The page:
IISc. researchers develop protein to kill drug-resistant bacterium

The study by IISc. researchers was published in the journal Science Advances. file photo  

Researchers at the Indian Institute of Science (IISc.) have designed an anti-microbial peptide (AMP) that, researchers say, can effectively and quickly kill a notorious multidrug-resistant bacterium called Acinetobacter baumannii.

According to a press release by IISc., the bacterium tops the WHO’s list of threats that urgently need new antibiotics because it is “remarkably adept at developing drug resistance”. The release also stated that it is among the six species responsible for most infections in hospitals and health care centres.

In a new study published in Science Advances, IISc. researchers used a bioinformatics approach to design a new short protein (peptide) called Omega76 that can kill A. baumannii by breaking down its cell membrane.

Infected mice treated with Omega76 had much better survival rates. The team also found that high doses of Omega76 given for prolonged periods did not produce any toxic effects. Since it is safe and effective, it is a promising candidate for developing new antibiotics, the researchers say.

Dipshikha Chakravortty, Professor at the Department of Microbiology and Cell Biology, who was part of this research, was quoted as saying, “The significance of A. baumannii infection was not sufficiently understood earlier… It was regarded as just another bug in the environment. It has now become a major threat, especially in the intensive care units.”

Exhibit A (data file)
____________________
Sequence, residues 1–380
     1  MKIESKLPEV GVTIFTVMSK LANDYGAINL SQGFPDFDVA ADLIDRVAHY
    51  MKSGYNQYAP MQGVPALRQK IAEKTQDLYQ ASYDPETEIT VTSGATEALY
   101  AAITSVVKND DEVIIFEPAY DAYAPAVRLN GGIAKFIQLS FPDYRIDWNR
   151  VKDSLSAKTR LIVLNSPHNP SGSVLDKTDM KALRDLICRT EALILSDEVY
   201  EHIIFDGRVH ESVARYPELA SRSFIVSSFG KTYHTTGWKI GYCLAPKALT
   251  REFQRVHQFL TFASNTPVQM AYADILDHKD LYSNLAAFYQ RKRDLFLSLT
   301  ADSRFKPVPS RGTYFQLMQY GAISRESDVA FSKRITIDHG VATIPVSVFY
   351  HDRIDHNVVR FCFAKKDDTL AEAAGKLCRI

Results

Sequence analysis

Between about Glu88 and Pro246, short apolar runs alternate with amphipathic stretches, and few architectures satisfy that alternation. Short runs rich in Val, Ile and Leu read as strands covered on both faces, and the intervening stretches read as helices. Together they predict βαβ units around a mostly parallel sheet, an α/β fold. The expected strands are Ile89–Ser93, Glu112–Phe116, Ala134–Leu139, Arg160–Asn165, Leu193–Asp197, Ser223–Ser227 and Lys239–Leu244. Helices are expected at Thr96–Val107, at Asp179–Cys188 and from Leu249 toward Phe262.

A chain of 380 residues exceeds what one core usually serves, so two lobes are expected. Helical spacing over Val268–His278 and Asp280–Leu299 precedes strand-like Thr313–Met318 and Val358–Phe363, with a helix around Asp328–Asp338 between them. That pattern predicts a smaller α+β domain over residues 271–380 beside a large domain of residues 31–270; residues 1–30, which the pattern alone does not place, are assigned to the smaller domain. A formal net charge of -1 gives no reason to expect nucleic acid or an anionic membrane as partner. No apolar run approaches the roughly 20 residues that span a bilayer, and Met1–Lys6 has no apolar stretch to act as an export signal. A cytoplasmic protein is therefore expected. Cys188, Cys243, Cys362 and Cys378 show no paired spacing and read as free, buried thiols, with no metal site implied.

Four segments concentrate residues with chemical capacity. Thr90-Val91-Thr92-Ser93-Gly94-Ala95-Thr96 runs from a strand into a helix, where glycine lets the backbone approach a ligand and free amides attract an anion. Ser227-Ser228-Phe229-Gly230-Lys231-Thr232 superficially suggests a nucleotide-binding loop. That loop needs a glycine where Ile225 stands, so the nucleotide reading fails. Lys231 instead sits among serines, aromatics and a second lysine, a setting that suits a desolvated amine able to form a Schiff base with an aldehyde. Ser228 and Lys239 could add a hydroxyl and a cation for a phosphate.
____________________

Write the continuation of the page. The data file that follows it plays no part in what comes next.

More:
The release stated that antibiotics for such infections may soon become ineffective, as resistance to even last-resort drugs such as carbapenems is on the rise.

“They are not entirely safe either; a drug called colistin, which is considered the last hope for multidrug-resistant infections, has been found to cause severe kidney damage,” said postdoctoral fellow Deepesh Nagarajan.

While standard drugs act by “blocking specific pathways or processes in bacterial cells,” bacteria can evolve to gain resistance against such drugs. Nagasuma Chandra, Professor at the Department of Biochemistry, said, “On the other hand, anti-microbial peptides (AMPs) actually punch holes in the bacterial cell membrane. The chances of drug resistance are much lower because they act by multiple ways and cause actual physical damage.”

The researchers plan to improve its design further, and explore clinical uses.

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Printable version | Apr 17, 2021 3:46:32 PM |

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